Hong Kong stocks rose, with the benchmark index advancing the first time in three days, as energy shares gained on concern possible U.S. military action in Syria may disrupt the flow of oil from the Middle East. China Life Insurance Co. gained on a first-half jump in profit.
The Hang Seng Index (HSI) rose 0.6 percent to 21,658.71 as of 9:32 a.m. in Hong Kong, rebounding from the biggest decline since Aug. 20. About five shares rose for each that fell on the 50-member gauge, which is headed for an 1.1 percent monthly drop amid expected cuts to U.S. stimulus next month. The Hang Seng China Enterprises Index today added 1.3 percent to 9,888.98.
Hong Kong’s equity benchmark retreated 5 percent this year through yesterday, the second-worst performer among developed markets tracked by Bloomberg. The gauge traded at 10.3 times estimated earnings as of yesterday, compared with 14.8 for the Standard & Poor’s 500 Index and 13.6 on the Stoxx Europe 600 Index, according to data compiled by Bloomberg.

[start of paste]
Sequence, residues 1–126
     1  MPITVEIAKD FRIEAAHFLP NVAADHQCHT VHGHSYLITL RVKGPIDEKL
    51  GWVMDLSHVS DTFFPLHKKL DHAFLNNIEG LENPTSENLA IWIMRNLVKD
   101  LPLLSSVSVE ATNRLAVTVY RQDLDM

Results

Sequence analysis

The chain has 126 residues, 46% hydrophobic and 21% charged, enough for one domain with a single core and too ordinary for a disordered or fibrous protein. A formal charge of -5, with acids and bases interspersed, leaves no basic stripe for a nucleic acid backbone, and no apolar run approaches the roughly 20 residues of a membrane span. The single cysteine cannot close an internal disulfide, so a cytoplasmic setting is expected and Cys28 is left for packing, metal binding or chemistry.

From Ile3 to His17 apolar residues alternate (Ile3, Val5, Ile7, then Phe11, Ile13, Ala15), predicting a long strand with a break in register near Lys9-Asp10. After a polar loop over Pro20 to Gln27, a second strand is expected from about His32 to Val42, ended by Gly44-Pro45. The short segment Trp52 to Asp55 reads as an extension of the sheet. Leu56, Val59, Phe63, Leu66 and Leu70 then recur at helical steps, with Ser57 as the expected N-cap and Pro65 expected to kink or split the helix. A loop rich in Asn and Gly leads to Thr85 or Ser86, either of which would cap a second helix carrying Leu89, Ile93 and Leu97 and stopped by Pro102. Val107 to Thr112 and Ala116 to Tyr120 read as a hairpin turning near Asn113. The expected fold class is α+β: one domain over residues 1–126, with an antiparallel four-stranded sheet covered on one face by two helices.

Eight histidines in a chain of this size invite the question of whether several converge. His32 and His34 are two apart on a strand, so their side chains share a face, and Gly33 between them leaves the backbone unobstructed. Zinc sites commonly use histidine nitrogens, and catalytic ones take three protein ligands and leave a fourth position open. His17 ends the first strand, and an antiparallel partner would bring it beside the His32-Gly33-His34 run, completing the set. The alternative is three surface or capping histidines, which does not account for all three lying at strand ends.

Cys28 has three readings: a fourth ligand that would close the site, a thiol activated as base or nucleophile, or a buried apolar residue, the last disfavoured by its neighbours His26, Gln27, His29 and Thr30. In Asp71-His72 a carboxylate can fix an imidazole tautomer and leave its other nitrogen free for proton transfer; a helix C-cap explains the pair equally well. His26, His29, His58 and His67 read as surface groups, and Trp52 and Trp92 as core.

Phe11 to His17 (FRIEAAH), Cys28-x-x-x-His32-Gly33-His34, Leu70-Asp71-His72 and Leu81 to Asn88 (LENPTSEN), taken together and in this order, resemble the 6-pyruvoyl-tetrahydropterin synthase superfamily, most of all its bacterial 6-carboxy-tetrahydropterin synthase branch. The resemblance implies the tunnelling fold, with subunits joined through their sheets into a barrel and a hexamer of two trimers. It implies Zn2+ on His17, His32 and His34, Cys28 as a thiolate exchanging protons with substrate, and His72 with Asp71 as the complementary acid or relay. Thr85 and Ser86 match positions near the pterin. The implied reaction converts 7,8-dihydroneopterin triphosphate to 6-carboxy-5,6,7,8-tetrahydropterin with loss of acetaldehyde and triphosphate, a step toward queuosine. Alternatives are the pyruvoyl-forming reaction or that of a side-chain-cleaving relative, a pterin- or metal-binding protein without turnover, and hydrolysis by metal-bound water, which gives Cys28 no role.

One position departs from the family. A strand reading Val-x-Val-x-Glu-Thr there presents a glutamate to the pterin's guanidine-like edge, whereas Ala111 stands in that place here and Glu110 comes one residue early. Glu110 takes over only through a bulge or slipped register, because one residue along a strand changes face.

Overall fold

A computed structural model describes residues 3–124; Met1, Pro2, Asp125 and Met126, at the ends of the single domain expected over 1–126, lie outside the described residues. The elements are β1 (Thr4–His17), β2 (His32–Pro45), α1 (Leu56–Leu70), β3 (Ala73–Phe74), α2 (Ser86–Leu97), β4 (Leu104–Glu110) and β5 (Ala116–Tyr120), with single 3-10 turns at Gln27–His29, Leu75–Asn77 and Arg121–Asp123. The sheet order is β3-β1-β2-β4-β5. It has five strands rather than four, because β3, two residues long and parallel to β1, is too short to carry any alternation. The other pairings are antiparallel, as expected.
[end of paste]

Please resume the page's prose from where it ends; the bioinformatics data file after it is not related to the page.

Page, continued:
The Hang Seng China Enterprises Index, also known as the H-share index, dropped 20 percent through yesterday from a Feb. 1 high on concern over China’s economy after a two-quarter slowdown in growth. The measure traded at 1.18 times book value yesterday, compared with a five-year average of 1.77.
Futures on the S&P 500 fell 0.1 percent. The measure rebounded yesterday from an eight-week low as energy shares surged after crude rose to a two-year high. The U.S. and the U.K. yesterday said they are prepared to take military action against Syria without authorization from the United Nations Security Council over that nation’s alleged used of chemical weapons against its own people.
A report today may show the U.S. economy grew more last quarter than previously estimated, adding to expectations the Federal Reserve may start curtailing bond purchases next month. Economists surveyed by Bloomberg project gross domestic product expanded 2.2 percent in the second quarter, up from the earlier official forecast of 1.7 percent.
Speculation the Fed will taper stimulus has weighed on equities in recent weeks. The central bank is expected to pare asset purchases in September by $10 billion to a $75 billion monthly pace, according to economists surveyed by Bloomberg on Aug. 9-13.
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